Re-examining the SLIP Task: Completely Lexical vs. Completely Non-Lexical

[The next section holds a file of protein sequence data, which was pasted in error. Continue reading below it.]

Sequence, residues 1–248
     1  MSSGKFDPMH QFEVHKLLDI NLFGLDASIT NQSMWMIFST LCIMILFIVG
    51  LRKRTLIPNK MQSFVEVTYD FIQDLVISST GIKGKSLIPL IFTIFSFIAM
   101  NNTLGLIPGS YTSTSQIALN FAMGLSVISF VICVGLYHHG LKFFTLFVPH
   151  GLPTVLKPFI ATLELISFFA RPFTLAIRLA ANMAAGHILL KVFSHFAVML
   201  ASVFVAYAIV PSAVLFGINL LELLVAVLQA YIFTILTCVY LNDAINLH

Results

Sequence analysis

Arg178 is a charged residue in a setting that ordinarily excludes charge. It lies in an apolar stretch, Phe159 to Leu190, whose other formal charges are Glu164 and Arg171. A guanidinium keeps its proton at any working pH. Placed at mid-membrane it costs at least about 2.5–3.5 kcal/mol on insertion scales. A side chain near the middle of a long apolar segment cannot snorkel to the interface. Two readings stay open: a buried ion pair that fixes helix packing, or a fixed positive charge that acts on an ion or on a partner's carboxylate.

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For years, the SLIP task, a methodology used to elicit speech errors in a laboratory setting, has added invaluable evidence in developing models of language production. It has lead to the finding that speech errors more commonly result in real words than in non-words, called the ‘lexical bias effect’. In turn, it has been used to support the idea of a self-monitor that monitors for speech errors, and is more likely to let real words slip past than non-words, as well as a theory of feedback between levels of processing, which increases the number of lexical errors, and more recently a theory that combines the self-monitor and feedback. However, past usage of the SLIP task has never directly compared results for a completely lexical context to that of a completely non-lexical context. The purpose of the present study is to fill this gap in the literature by using two levels of context, one block where no non-words are presented, and another where no real words are presented, as well as an outcome condition, where the intended error outcome of a target is either lexical or non-lexical. 52 participants read word pairs and the number and variety of speech errors and other responses they made were recorded. The results found no significant evidence for a difference in the number of exchanges between any conditions, however there were effects for the number of corrections made and for the number of times participants failed to respond. These results can add support to existing models of language production, particularly in the role of feedback in the selection of lexical concepts after an error is detected by the monitor.